Considering the options – here are two ways you can turn those default selects into something that matches the rest of your beautiful Bootstrap site.

Add a filter in your functions.php file

This is specific to the category dropdown. I was hoping we could use the same on the widget_categories_dropdown_args filter, but that is not possible as of WordPress 4.6. (see next example to address this). This filter works great if you use the categories widget and no other that display a select.

/**
 * Add CSS class to sidebar category selects.
 */
add_filter( 'widget_categories_dropdown_args', 'lucidity_widget_categories_dropdown_args' );
function lucidity_widget_categories_dropdown_args( $args ) {
    if ( array_key_exists( 'class', $args ) ) {
        $args['class'] .= ' form-control';
    } else {
        $args['class'] = 'form-control';
    }
    return $args;
}

Add some Bootstrap CSS to your style.css file

This works great if you have multiple selects displayed within your widgets. Note: the sidebar in the example has an ID of “sidebar”. This CSS is brought over from the Bootstrap .form-control style.

#sidebar .widget select {
display: block;
width: 100%;
height: 34px;
padding: 6px 12px;
font-size: 14px;
line-height: 1.42857143;
color: #555;
background-color: #fff;
background-image: none;
border: 1px solid #ccc;
border-radius: 4px;
-webkit-box-shadow: inset 0 1px 1px rgba(0, 0, 0, .075);
box-shadow: inset 0 1px 1px rgba(0, 0, 0, .075);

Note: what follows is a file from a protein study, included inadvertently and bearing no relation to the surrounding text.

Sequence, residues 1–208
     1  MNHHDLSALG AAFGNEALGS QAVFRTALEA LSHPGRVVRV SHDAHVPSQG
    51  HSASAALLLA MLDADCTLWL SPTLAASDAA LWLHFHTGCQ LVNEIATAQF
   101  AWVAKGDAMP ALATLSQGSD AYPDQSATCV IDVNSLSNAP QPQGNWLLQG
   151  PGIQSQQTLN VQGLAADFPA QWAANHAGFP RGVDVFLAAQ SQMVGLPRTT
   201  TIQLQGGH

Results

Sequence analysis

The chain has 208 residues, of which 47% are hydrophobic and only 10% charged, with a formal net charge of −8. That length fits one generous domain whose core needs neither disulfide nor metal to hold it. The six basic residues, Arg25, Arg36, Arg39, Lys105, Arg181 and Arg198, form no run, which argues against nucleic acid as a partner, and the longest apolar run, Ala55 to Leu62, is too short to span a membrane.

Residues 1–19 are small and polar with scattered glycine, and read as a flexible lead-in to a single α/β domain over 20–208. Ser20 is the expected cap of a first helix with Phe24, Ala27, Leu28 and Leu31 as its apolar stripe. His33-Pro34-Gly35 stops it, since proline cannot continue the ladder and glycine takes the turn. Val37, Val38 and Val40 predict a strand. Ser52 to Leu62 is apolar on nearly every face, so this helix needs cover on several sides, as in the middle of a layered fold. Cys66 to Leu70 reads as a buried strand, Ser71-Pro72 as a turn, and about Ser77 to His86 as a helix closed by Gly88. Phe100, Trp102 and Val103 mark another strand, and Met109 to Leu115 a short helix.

-webkit-transition: border-color ease-in-out .15s, -webkit-box-shadow ease-in-out .15s;
-o-transition: border-color ease-in-out .15s, box-shadow ease-in-out .15s;
transition: border-color ease-in-out .15s, box-shadow ease-in-out .15s;
}

I hope this helps make your site a bit more cohesive with the Bootstrap styles!

Find Large Files in *NIX

I recently ran into an issue where backups for a project were taking much more space than I thought they should. I figured there was a large error log somewhere – and sure enough I was able to easily find it with the following command:


du -sh *

That command du (disk usage) along with the options -sh (s = summarize, h = human readable) will then output something like this:

7.9M	admin
700K	api
1.4G	delivery
4.0K	error_log
44K	images
4.0K	index.php
4.0K	robots.txt

From there I can then see that the big disk space hog is in the “delivery” directory. Running the command then within that directory then showed there was a huge 1.4G error log which needed addressed.

This command is very useful and will save a lot of time if you run into a similar situation as I did.